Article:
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Four Reasons to Expect Falling Inflation during 2023
2022 was a year when the rate of consumer price inflation accelerated sharply rising to 11% in November. As Chris Giles noted in a recent FT opinion piece, “a generation has had to worry about a rapidly rising cost of living for the first time in their working careers.” However, there are tentative signs that inflation has peaked and will start falling as we head into 2023. Here are four reasons to expected a period of disinflation for the UK over the next twelve months.
Four Reasons to Expect Falling Inflation in 2023
1/ Energy prices are weakening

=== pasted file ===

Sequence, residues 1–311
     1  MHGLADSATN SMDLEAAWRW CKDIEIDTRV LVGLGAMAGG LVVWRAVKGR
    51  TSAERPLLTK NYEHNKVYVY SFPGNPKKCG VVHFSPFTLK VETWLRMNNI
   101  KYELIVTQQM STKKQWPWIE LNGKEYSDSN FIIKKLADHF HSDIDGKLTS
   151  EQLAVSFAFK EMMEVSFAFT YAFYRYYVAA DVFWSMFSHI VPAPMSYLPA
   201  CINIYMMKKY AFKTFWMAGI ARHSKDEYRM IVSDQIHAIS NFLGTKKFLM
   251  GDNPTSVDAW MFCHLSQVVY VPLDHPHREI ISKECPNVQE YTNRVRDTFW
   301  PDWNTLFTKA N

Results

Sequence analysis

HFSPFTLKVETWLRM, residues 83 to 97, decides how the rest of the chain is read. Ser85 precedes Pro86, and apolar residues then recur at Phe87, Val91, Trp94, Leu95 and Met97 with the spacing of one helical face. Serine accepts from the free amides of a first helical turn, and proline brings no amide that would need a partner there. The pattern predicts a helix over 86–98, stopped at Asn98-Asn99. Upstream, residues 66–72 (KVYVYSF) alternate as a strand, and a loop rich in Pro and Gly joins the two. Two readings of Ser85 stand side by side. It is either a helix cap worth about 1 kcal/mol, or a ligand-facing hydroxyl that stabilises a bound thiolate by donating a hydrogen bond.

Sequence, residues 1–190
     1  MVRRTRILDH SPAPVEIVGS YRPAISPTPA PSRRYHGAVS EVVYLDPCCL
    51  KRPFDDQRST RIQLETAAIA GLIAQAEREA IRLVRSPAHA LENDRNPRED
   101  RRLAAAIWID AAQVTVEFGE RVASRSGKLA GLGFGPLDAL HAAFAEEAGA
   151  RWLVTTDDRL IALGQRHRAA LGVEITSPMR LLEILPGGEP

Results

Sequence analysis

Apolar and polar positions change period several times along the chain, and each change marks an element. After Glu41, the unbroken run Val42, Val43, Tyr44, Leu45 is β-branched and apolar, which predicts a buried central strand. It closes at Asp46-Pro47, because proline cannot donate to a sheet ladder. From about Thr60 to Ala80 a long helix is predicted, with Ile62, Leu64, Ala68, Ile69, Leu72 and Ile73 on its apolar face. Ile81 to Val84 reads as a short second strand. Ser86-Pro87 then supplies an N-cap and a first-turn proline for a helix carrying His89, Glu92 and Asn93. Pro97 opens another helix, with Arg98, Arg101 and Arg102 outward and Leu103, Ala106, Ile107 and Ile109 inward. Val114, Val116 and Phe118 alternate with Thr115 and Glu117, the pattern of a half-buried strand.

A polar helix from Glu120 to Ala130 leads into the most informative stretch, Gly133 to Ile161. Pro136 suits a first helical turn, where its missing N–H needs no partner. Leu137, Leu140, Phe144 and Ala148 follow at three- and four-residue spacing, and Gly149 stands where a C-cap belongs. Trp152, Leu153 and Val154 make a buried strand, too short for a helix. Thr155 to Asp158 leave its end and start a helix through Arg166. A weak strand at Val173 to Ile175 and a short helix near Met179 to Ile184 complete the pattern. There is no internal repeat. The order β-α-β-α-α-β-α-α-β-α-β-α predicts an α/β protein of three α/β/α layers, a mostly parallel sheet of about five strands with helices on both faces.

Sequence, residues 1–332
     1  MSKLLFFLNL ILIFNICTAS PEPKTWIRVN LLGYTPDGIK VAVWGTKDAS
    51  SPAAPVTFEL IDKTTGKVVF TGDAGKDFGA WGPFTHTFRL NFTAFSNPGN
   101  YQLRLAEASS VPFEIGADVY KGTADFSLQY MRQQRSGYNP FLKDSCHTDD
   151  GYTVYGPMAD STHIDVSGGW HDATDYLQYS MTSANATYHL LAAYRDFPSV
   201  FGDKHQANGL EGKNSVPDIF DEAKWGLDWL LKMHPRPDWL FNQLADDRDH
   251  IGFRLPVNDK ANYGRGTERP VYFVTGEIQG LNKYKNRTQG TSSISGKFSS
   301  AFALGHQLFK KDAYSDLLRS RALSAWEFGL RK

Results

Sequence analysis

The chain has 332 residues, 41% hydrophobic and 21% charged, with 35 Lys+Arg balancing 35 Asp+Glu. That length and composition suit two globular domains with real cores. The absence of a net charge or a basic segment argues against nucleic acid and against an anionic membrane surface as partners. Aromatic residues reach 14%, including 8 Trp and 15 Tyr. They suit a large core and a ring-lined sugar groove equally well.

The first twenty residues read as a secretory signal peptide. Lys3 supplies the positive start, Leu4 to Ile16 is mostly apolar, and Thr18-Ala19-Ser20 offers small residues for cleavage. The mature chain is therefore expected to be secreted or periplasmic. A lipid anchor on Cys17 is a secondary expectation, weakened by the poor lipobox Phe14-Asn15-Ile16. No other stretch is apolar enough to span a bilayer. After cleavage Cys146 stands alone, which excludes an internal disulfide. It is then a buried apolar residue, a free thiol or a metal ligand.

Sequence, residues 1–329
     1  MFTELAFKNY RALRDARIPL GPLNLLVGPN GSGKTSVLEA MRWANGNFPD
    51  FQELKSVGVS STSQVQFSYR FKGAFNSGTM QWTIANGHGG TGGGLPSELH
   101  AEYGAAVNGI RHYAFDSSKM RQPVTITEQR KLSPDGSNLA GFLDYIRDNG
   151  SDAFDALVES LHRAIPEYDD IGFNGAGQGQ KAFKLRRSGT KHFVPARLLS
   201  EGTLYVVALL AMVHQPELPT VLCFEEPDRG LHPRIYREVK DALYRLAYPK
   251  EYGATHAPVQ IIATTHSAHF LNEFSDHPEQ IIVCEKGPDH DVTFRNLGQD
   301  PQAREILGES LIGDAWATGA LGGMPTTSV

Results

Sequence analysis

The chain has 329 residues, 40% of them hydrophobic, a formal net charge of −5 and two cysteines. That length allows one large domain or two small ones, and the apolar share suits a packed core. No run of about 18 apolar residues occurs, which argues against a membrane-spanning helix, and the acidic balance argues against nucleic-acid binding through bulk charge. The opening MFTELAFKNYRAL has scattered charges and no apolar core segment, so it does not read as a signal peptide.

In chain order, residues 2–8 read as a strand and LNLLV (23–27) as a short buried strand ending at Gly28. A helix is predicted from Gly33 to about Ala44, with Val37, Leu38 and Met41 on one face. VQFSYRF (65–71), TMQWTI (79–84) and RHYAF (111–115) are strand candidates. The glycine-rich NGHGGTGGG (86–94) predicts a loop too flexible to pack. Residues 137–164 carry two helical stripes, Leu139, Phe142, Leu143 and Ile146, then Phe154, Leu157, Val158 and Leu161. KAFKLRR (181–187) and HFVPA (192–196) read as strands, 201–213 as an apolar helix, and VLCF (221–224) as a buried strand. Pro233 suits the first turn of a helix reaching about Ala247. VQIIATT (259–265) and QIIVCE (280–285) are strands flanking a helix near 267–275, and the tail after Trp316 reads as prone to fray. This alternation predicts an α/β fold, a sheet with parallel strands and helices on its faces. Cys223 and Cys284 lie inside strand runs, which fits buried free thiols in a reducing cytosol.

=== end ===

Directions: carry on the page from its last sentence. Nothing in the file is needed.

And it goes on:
Prices paid in Europe for natural gas have fallen in recent months. The UK government has introduced extra price support measures that will last until April 2023. Crude oil prices are well below their high earlier on in 2022
2/ Sterling has recovered some ground against the US dollar
There was a calamitous depreciation of sterling in the wake of the mini-budget fiasco in September. Sterling got close to parity with the US dollar. But it has since recovered some ground which is helping to limit input price inflation.
3/ Rising interest rates will curb aggregate demand
The Bank of England has raised interest rates in each of their last nine meetings. Base rate has climbed from 0.1% during the pandemic to 3.5% now. Higher interest rates squeeze consumer spending and put pressure on businesses to cut costs.
4/ The UK is in recession and the world economy is stalling
Likely, the UK is already in a recession – this will bring about disinflation during 2023. Global GDP growth is forecast to slow from 6.0 percent in 2021 to 3.2 percent in 2022 and 2.7 percent in 2023. Weaker growth will help to bring down commodity price inflation.